1924: The First Crossword Puzzle Book is Published
Although crossword puzzles had arrived a few years earlier in 1913 in the pages of the New York World, it wasn’t until this day in 1924 when Simon & Schuster published the first book of the addicting craze. The story is that Richard Simon’s aunt asked him if there were any books about the puzzles that she could give to a friend. When he discovered that there wasn’t, he and M. Lincoln Schuster printed the first one. The very first book came with a pencil and to this day, Simon & Schuster are still the company to beat in the publishing world of crossword puzzle books. (Image: Wikipedia)
1983: The Disney Channel
Disney fans could hardly catch their breath on this day in 1983 when the new pay TV network, The Disney Channel debuted. The very first show to air was Good Morning Mickey which was essentially a half hour of old Mickey Mouse cartoons. The network only aired for about 12 hours a day. Some of the shows that aired during the early years included reruns of The Adventures of Ozzie and Harriet, the fitness show Mousercise, Welcome to Pooh Corner, old theatrical Disney movies, the classic and revivals of The Mickey Mouse Club and something called Good Morning Miss Bliss which was canceled after one year but became Saved By the Bell on NBC. Today, Disney Channel looks completely different and as of November 2020, is available to 88 million households in the U.S.
1930: The Day Without News
It’s hard to imagine, but on this day in 1930, the BBC announced during its 20:45 news bulletin that the news announcer stated that “there is no news” and with that, continued to play 15 minutes of piano music before returning back to a broadcast of the Wagner opera, Parsifal, at the Queen’s Hall in Langham Place, London.
1979: ‘Real People’ Premieres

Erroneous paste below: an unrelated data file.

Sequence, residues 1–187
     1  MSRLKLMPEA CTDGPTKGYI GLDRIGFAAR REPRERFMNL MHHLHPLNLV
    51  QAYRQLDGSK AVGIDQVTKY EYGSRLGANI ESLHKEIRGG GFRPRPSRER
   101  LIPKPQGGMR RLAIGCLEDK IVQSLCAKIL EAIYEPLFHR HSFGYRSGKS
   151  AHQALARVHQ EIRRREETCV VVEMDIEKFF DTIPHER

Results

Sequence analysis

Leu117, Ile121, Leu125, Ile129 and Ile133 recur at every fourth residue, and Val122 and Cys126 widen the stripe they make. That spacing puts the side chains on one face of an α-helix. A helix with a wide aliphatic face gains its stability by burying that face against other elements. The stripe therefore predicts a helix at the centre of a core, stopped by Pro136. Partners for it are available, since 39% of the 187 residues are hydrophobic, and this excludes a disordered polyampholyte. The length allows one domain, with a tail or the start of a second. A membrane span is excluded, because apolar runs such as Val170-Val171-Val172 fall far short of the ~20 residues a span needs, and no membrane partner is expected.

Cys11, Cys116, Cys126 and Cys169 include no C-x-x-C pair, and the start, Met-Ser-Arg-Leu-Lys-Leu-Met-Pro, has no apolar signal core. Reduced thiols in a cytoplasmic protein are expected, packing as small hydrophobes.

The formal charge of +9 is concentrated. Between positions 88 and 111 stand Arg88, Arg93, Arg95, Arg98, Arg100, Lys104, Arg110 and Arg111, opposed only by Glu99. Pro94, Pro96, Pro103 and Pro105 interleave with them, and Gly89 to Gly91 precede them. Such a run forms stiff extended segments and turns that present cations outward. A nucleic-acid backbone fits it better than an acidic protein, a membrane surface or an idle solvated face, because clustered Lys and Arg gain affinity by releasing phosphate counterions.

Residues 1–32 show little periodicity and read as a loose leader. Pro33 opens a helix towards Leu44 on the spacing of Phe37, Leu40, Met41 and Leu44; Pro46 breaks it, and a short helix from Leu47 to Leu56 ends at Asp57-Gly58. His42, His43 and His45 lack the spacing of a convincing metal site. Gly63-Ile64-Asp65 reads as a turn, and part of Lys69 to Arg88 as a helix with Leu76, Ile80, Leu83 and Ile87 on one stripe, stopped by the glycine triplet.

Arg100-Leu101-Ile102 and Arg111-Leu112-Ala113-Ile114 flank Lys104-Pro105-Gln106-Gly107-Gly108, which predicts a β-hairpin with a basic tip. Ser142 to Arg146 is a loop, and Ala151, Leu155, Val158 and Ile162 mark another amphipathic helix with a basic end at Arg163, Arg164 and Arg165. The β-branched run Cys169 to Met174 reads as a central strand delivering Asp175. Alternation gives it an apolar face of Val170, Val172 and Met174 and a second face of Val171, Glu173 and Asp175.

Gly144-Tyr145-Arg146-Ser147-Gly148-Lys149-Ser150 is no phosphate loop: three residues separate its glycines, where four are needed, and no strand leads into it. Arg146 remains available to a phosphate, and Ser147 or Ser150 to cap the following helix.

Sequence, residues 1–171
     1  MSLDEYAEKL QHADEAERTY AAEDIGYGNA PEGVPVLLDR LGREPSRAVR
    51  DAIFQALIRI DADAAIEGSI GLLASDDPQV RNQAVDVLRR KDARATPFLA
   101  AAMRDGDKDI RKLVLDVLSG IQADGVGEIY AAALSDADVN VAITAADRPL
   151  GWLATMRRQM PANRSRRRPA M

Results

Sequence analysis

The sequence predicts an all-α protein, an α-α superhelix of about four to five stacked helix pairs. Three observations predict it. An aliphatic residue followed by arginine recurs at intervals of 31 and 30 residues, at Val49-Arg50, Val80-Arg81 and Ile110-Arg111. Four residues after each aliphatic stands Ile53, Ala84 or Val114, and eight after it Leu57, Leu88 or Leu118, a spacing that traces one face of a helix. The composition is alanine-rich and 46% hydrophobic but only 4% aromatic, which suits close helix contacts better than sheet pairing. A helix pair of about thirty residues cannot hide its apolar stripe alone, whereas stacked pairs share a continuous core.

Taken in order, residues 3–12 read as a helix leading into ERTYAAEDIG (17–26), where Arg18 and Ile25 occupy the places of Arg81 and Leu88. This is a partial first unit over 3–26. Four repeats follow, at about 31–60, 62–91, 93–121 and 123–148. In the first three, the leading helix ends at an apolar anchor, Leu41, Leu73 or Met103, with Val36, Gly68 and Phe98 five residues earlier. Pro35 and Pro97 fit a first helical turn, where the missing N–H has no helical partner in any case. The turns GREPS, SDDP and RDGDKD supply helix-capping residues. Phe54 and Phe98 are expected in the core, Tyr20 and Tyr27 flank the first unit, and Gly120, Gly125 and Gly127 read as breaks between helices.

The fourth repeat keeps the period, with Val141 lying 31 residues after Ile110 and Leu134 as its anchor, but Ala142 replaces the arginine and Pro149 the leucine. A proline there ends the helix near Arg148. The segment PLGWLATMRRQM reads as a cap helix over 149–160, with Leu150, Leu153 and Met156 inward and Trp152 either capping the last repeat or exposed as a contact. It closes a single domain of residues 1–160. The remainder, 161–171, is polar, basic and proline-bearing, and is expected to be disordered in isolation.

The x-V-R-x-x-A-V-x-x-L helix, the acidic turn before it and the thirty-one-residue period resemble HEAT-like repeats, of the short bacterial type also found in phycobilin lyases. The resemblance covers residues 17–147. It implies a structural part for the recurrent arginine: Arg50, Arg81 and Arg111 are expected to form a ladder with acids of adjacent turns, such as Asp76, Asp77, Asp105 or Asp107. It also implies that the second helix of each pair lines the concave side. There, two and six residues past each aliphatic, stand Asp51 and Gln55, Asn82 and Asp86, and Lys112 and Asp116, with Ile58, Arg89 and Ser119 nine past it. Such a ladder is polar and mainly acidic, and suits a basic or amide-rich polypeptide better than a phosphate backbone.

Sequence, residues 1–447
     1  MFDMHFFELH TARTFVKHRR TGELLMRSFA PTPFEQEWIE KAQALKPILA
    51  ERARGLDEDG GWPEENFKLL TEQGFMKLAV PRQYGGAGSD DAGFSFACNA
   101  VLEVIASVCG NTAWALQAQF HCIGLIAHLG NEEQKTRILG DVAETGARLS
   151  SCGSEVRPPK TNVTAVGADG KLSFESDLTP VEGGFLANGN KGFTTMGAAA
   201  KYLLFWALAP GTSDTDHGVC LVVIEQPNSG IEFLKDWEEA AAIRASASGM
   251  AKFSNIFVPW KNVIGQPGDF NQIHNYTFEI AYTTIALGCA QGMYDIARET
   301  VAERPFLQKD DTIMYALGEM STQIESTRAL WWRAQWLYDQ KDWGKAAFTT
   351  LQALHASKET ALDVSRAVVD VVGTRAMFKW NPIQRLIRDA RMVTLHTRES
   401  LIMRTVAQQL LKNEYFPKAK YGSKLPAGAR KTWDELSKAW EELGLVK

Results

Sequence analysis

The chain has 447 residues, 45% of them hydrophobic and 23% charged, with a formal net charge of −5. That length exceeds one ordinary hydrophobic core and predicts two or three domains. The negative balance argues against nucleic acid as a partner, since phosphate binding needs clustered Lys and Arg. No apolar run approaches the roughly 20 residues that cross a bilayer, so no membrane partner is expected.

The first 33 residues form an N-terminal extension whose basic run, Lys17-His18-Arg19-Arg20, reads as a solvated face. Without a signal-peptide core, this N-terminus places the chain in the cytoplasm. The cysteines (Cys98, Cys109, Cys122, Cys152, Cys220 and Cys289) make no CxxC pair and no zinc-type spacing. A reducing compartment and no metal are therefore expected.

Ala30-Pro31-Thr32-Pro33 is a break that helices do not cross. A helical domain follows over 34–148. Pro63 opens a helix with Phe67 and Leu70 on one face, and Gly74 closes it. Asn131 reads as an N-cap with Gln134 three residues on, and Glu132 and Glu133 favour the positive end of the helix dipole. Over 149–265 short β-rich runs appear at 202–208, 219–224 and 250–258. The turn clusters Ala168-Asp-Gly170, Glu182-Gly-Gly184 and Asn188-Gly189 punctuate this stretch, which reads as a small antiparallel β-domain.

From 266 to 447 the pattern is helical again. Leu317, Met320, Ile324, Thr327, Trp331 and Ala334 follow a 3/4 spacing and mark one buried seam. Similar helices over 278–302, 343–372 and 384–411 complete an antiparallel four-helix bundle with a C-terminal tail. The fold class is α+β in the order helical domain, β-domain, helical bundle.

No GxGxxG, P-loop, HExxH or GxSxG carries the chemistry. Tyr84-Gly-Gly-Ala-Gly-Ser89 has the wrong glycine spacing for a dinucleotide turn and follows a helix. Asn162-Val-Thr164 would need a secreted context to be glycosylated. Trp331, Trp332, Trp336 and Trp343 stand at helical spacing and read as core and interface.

Before YouTube was a thing, NBC aired Real People that promoted real, everyday people (instead of celebrities) who either had odd occupations or hobbies. Hosted by John Barbour, Sarah Purcell, Byron Allen, Skip Stephenson, Bill Rafferty, Mark Russell, Peter Billingsley, David Ruprecht and Fred Willard, the show featured segments filmed around America interviewing these real people. At least one household celebrity name can from the show boosting his career. Fitness icon Richard Simons was featured doing what he does best from his first studio in Los Angeles. Real People was an instant hit and in 1980, the network tried to capitalize on that be creating two spinoffs: Speak Up, America and Real Kids. Neither saw much success. However, the show did inspire ABC to host a similar show called That’s Incredible. Real People aired through 1984.
2018: Saudi Arabia Returns to the Theater
While there were once many movie theaters in Saudi Arabia, they all closed up in the 1980’s thanks to religious conservatives during the Islamic revival movements and the government closed all of the theaters except one. It was an IMAX theater located at the Sultan Bin Abdulaziz Science and Technology Center and only showed documentaries (mostly from the U.S. dubbed in Arabic). Many years later, a new movie theater opened within a hotel in 2005 that was intended for women and children only and it only showed cartoons. This caused many to question the reasoning of the ban in the first place and in December of 2017, the Saudi Arabian Minister of Culture and Information made the announcement that movie theaters would once again be allowed to open. The first public film to screen to the general public on this day in 2018 was Marvel Studios’ Black Panther.
- 1946: Hayley Mills (actress)
- 1947: Dorothy Lyman (actress)
- 1953: Rick Moranis (actor)
- 1956: Eric Roberts (actor)
- 1961: Jane Leeves (actress)
- 1962: Jeff Dunham (ventriloquist)
- 1963: Eric McCormack (actor)
- 1972: Eli Roth (film director)
- 1976: Melissa Joan Hart (actress)
I write about pop culture, arts and entertainment in the greater Seattle area.